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Thread: Question: Dock shooting jig head weight

  1. #21
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    Local Academy Sports has Lew's Wally Marshall 7' Speed Shooter. Do you guys recommend this rod?

  2. #22
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    I have that rod and it’s a decent rod. I use it for multiple things and yes it works for dock shooting but my favorite dock shooter is the BnM Sharpshooter 6. Any good rod with backbone will work and help you learn. Overtime you will find what works best for you and your style. Or you will just learn to use what you have.....lol.

  3. #23
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    Quote Originally Posted by SuperDave336 View Post
    I have that rod and it’s a decent rod. I use it for multiple things and yes it works for dock shooting but my favorite dock shooter is the BnM Sharpshooter 6. Any good rod with backbone will work and help you learn. Overtime you will find what works best for you and your style. Or you will just learn to use what you have.....lol.
    Do you recommend BnM Sharpshooter 6 over Wally Marshall Speed Shooter?
    Thanks.

  4. #24
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    They are both good rods and both work fine. I think either will work for you. My opinion for dock shooting I prefer the sharpshooter. But if I have the speed shooter I could use it just as well. Don’t over think it to much.

  5. #25
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    Bought two 7' Wall'y Marshall Speed Shooter today from Academy this morning. I was using medium power and medium action fiberglass bass rods. I can feel the difference, those are very easy on hand.
    Likes SuperDave336 LIKED above post

  6. #26
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    Quote Originally Posted by GA ANGLER View Post
    Also need advice about rod, I have been practicing with the 6.6, medium power graphite rod and 6.6 medium power carbon fiber rod. Graphite rod is lot easy to work with, so will buy another graphite rod. What power and action graphite rod should I get?

    Thanks.
    I have a BnM Sharpshooter 6 rod that I absolutely love for dock shooting. So much I have bought a second one. It is designed for exactly this kind of technique.

    Chris

  7. #27
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    My opinion, itís all about the fall rate and location. I prefer a 1/32 but that is confusing too as some are lighter than they say they are, and those are the ones I want. Already said, be a line watcher. I like the Bobby Garland baby Shad because of the flat sides. They skip very well but they arenít the only ones. As you learn to shoot, youíll be able to make line drive casts under a dock without skipping the water. This allows you to use hand tied jigs. I set up a different rod for this. The 5gal bucket is a good start but get a coffee can and start using that. Some of the holes I had to hit in TN were 6Ē square on floating docks. Iíve flattened out a bunch of jigs learning to hit those small holes, but they hold nice fish cuz others are intimidated by them and donít try. Mostly, have fun with it. I use the shooting presentation about half the time Iím fishing and get behind low branches and logs, so useful.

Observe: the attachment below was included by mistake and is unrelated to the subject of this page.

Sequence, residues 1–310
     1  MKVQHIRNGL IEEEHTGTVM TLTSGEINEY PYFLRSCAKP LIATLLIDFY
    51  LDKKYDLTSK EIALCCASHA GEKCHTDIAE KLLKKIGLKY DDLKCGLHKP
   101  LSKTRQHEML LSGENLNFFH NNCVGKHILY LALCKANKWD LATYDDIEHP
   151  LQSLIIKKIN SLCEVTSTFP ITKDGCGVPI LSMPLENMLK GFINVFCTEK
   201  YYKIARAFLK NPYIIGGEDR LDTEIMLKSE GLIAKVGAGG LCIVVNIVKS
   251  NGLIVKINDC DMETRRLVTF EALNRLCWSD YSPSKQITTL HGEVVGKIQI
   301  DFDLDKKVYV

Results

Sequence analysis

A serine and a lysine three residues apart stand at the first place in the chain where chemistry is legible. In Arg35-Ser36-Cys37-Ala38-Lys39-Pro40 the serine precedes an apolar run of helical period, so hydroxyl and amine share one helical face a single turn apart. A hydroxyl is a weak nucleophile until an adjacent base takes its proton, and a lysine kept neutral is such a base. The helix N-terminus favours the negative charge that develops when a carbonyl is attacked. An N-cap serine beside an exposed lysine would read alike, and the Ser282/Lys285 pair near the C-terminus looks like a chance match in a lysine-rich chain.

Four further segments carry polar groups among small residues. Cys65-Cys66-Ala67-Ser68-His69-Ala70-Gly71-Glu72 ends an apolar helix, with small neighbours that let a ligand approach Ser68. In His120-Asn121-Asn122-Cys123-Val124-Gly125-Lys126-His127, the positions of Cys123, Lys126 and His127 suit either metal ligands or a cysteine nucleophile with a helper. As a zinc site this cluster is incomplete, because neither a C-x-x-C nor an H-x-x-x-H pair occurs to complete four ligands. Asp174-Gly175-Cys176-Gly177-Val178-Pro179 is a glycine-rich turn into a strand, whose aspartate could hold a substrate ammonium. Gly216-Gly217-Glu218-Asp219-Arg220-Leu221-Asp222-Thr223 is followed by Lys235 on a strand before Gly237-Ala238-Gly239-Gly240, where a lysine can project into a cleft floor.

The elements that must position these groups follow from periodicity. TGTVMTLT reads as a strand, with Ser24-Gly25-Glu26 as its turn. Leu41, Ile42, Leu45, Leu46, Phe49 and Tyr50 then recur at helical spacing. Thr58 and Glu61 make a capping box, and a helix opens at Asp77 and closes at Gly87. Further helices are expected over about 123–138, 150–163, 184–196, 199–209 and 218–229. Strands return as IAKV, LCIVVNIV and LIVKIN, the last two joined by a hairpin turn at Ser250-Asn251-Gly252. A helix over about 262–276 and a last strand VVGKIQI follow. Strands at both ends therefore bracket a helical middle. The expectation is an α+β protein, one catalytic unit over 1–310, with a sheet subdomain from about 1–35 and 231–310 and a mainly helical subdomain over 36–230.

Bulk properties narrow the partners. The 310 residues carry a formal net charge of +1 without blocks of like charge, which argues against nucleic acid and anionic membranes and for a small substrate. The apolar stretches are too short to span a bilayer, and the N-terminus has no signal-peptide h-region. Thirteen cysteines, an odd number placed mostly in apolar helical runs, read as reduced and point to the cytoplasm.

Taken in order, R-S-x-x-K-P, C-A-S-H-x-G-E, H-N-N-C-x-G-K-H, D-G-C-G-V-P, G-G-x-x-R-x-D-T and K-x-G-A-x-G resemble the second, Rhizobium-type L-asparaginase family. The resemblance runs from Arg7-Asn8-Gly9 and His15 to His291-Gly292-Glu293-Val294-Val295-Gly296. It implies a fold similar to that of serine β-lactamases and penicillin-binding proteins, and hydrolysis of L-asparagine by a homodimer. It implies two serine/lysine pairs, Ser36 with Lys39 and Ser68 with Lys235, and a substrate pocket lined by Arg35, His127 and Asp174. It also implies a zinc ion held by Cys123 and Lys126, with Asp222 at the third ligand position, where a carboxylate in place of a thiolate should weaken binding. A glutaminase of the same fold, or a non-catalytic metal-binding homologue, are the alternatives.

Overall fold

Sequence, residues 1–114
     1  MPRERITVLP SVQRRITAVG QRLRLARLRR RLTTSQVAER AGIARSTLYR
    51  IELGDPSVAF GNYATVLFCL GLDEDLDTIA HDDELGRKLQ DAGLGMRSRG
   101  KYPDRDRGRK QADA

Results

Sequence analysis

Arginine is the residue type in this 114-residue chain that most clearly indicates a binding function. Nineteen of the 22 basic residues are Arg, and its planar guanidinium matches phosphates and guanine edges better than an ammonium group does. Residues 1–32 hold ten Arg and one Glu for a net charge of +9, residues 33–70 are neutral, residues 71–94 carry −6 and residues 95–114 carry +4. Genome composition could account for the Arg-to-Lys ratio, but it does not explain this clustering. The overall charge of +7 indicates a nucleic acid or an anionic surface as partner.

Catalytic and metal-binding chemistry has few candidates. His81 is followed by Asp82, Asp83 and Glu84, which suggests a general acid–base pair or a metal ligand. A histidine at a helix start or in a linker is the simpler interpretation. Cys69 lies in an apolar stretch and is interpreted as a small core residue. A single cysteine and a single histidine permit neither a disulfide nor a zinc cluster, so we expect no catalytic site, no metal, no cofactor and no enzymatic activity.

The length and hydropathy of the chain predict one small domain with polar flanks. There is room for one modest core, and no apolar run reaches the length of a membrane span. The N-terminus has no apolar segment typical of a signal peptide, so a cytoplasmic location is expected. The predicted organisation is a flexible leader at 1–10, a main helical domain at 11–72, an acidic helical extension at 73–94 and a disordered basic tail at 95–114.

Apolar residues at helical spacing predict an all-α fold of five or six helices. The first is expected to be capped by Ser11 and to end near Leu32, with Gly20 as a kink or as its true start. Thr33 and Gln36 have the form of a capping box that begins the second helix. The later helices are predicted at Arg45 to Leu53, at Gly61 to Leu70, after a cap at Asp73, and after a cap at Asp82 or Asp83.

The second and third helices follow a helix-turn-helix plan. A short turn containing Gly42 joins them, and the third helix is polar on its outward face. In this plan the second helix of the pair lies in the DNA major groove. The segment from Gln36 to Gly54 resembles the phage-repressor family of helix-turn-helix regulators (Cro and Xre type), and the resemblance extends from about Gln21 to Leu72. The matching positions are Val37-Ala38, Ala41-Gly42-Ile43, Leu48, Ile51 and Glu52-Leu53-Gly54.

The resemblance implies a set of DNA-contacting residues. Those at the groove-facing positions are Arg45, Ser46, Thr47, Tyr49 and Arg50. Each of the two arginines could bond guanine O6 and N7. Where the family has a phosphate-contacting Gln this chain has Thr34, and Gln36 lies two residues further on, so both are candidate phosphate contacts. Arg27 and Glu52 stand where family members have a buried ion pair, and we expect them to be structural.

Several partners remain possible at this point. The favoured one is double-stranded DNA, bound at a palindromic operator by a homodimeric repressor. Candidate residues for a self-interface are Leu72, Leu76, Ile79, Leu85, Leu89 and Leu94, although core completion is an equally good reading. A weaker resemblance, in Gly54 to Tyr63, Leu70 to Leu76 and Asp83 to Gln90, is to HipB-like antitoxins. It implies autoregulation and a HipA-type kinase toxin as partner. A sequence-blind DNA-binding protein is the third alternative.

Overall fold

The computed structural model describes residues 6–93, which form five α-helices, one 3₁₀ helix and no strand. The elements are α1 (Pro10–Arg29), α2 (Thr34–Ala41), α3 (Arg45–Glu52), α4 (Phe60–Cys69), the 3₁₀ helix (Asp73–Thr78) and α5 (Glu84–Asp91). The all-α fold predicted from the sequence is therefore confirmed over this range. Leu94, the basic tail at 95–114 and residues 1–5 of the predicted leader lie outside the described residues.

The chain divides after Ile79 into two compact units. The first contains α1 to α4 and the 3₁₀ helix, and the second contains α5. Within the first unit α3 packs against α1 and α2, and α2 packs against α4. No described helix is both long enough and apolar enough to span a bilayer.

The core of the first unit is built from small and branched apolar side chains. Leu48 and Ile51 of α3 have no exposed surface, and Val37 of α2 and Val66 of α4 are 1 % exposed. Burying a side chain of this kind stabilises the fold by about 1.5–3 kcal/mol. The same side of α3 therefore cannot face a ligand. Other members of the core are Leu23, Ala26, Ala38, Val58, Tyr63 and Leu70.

Listen to your gut over all the other voices.
    Likes John Doe, NCkenner, Brimfisher LIKED above post

  8. #28
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    Quote Originally Posted by skeetbum View Post
    My opinion, it’s all about the fall rate and location. I prefer a 1/32 but that is confusing too as some are lighter than they say they are, and those are the ones I want. Already said, be a line watcher. I like the Bobby Garland baby Shad because of the flat sides. They skip very well but they aren’t the only ones. As you learn to shoot, you’ll be able to make line drive casts under a dock without skipping the water. This allows you to use hand tied jigs. I set up a different rod for this. The 5gal bucket is a good start but get a coffee can and start using that. Some of the holes I had to hit in TN were 6” square on floating docks. I’ve flattened out a bunch of jigs learning to hit those small holes, but they hold nice fish cuz others are intimidated by them and don’t try. Mostly, have fun with it. I use the shooting presentation about half the time I’m fishing and get behind low branches and logs, so useful.
    Thanks for your valuable advice. I have been hitting inside a 10 inch X 6 inch box, pushing through my limit. I will get my boat in water within next few weeks.

  9. #29
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    I use 1/32 most of the time. I do trim off the collar so they are a little lighter. I am in agreement with SkeetBum it seems the slower fall is more productive. I will switch to a larger body at times if the fish seems biting short. Seems the hardest to shoot docks hold the biggest fish. I caught my best blacknose out from under a concrete dock the was 4 inches above the water. Out came a nice 14 inch fish
    :I would like to thank the builders of docks for giving me a place to fish and lose tackle

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